Officials in Cameroon say the number of mental health patients in the country has more than doubled in the past year, as the country deals with a separatist crisis in its western regions and Boko Haram clashes in the north.
Fonbe Hedwick is the director of the Vine Mental Health Center, in Bameda, capital of Cameroon’s volatile Northwest region.
He says his center was chosen for World Mental Health Day activities in Bamenda because the number of psychiatric patients at the center increased from less than 20 in 2021 to over 100 in October 2022.
“We are receiving those who have gone through traumas, and they are sad, many who complain of sleeplessness, some who cannot be able to control themselves, they are so restless, so agitated. Some with severe anger issues. They present emotional and behavioral tendencies which are uncontrollable,” said Fonbe.
Fonbe said many families lack the resources to care for psychiatric patients at home and either abandon the patients at the center or put them on the streets.
Rebecca Nkwate is the highest government official in charge of mental patients in the Northwest region. She says the number of psychiatric patients seeking help in the region has increased from less than 2,500 to over 6,000 within the past year.
“Some of them come here already abused, so we listen to their story to increase their morale and in the course of looking for solutions, it may require that we go for home visits,” said Nkwate. “We help them at the level of the police and we work with those that go to the hospital when it comes to trauma management. We make sure that they enjoy the same human rights like other people.”
Overall, Cameroon says the number of mental patients in the central African state has more than doubled from about 10,000 to 23,000 in the past 12 months.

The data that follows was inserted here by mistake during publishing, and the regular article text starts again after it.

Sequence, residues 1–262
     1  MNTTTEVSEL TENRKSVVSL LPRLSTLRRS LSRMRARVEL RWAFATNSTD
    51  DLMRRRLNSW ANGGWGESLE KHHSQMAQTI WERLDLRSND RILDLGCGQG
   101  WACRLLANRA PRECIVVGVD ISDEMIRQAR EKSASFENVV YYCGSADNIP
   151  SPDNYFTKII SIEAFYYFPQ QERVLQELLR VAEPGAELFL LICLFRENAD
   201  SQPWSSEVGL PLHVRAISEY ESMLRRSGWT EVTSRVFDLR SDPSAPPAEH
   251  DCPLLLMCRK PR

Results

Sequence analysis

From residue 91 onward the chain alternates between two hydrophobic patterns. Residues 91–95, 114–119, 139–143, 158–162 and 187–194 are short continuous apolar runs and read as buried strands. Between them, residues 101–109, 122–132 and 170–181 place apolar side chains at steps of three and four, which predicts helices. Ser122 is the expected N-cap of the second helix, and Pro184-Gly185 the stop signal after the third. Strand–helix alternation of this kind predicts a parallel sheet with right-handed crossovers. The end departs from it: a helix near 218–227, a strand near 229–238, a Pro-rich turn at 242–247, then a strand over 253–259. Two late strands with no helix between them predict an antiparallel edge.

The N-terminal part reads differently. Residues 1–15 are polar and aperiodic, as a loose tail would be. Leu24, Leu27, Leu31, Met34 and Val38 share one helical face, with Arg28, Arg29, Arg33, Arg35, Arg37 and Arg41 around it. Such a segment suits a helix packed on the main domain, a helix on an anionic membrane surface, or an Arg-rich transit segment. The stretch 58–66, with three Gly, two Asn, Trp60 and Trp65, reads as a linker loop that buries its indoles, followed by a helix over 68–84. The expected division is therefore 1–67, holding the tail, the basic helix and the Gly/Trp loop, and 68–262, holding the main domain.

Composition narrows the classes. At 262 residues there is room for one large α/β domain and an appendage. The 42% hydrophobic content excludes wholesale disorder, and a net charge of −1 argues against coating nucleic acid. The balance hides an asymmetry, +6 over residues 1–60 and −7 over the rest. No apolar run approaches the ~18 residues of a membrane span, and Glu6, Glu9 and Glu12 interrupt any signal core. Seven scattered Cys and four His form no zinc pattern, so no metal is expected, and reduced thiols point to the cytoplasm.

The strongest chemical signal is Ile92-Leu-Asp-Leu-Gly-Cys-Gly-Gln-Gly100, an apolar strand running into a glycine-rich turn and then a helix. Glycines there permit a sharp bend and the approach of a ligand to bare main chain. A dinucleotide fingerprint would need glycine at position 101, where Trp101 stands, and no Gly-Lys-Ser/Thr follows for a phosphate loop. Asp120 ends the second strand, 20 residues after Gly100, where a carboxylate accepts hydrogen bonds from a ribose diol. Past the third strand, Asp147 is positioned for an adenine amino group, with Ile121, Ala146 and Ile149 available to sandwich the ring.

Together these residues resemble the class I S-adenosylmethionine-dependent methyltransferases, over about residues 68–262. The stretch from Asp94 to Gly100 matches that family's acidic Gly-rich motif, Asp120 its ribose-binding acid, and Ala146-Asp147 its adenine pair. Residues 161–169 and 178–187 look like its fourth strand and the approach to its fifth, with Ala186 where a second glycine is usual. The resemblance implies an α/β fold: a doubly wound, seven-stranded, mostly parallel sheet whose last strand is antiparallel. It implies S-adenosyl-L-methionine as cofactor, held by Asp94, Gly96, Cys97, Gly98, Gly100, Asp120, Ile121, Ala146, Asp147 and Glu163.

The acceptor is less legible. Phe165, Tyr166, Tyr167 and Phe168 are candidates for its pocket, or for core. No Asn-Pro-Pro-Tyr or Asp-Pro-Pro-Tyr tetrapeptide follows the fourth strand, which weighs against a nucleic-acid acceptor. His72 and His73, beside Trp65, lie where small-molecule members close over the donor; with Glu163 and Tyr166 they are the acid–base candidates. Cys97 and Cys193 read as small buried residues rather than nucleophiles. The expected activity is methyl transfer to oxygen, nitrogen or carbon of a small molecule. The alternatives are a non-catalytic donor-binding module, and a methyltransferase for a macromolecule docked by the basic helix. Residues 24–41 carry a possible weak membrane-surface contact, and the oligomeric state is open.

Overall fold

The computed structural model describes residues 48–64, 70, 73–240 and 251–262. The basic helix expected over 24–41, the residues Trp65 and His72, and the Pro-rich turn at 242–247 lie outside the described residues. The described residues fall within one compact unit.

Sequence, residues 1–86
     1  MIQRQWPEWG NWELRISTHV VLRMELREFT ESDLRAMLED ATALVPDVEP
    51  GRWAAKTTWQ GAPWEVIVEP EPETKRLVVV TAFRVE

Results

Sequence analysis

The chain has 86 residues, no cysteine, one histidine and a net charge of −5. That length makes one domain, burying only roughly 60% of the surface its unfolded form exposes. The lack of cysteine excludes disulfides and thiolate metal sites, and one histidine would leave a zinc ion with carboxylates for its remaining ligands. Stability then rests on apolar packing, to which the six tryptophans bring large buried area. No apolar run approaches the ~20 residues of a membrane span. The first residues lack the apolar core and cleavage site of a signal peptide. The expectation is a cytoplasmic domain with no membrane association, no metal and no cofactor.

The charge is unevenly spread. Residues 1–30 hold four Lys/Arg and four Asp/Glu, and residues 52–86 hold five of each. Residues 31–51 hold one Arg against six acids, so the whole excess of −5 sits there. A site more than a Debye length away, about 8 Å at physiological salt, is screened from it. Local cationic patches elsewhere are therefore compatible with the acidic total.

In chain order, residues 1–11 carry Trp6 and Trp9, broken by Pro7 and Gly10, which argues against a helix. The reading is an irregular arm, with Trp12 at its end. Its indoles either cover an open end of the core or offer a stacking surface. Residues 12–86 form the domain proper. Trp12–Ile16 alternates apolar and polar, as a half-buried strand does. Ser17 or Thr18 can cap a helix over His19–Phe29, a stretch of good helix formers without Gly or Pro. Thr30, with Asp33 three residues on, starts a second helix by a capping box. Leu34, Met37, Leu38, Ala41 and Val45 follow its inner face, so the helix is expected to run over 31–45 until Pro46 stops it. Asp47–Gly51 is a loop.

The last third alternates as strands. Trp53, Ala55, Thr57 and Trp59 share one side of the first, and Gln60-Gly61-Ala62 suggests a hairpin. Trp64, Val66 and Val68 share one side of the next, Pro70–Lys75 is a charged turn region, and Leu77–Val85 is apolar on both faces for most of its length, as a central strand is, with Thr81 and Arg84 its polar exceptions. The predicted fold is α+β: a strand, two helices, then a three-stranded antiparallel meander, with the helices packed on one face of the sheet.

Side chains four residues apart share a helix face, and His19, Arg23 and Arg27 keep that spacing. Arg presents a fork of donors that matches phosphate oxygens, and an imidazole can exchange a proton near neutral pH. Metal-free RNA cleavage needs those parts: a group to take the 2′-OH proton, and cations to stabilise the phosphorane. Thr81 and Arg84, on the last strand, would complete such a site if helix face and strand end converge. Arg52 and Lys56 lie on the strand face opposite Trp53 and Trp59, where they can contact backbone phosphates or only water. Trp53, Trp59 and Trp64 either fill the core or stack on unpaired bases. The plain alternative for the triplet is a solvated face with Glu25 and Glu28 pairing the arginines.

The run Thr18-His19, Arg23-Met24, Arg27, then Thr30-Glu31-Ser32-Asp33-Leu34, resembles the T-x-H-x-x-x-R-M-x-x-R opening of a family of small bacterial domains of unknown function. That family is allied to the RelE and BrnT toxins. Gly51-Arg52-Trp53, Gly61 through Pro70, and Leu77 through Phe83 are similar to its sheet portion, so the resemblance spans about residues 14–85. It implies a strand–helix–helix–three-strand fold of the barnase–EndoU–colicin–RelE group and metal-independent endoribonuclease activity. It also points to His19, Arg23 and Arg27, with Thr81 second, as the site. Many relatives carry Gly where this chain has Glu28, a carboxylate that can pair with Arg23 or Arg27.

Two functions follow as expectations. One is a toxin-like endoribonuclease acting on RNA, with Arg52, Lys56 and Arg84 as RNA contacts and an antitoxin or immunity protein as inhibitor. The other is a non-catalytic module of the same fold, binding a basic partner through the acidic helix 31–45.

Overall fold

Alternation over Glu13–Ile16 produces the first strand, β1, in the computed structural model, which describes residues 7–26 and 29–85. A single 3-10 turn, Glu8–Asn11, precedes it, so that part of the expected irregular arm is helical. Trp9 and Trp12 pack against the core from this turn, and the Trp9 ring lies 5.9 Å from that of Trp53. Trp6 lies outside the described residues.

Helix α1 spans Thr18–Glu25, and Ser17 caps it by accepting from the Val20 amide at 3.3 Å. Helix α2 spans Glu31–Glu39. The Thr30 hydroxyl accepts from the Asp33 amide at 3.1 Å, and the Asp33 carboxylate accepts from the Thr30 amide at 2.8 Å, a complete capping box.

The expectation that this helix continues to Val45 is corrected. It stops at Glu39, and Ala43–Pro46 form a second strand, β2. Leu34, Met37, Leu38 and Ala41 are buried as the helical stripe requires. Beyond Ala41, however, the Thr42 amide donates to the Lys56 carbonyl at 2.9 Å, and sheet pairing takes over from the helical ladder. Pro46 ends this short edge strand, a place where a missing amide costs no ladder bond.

The government says with the separatist crisis in western regions and Boko Haram terrorism on the northern border decreasing, humanitarian workers are better able to find and assist patients abandoned in villages where fighting was intensive.
Laure Mengueme is the director of mental health at Cameroon’s Ministry of Health. She says many people lost family members in the conflicts or experienced acts of abuse, violence and trauma, triggering mental health crises.
She urges civilians to seek medical help instead of taking psychiatric patients to traditional healers or pastors who claim they have miracle solutions to mental health problems.
She says a majority of the mental patients government workers are assisting to recover their health are nervous, aggressive, irritated and violent. She simply says doctors and therapists should exercise more patience with psychiatric patients when the patients become violent. She says the country counts very much on doctors and therapists to reduce the growing number of mental patients.
The World Health Organization reports that growing social and economic inequalities, protracted conflicts, violence and public health emergencies continue to take a toll on mental health, in Cameroon and worldwide.
The U.N. says a staggering 84 million people worldwide were forcibly displaced in 2021 leading to an increase in the number of people in need of mental health care.
The 2022 World Mental Health Day theme is “Make mental health and well-being for all a global priority.”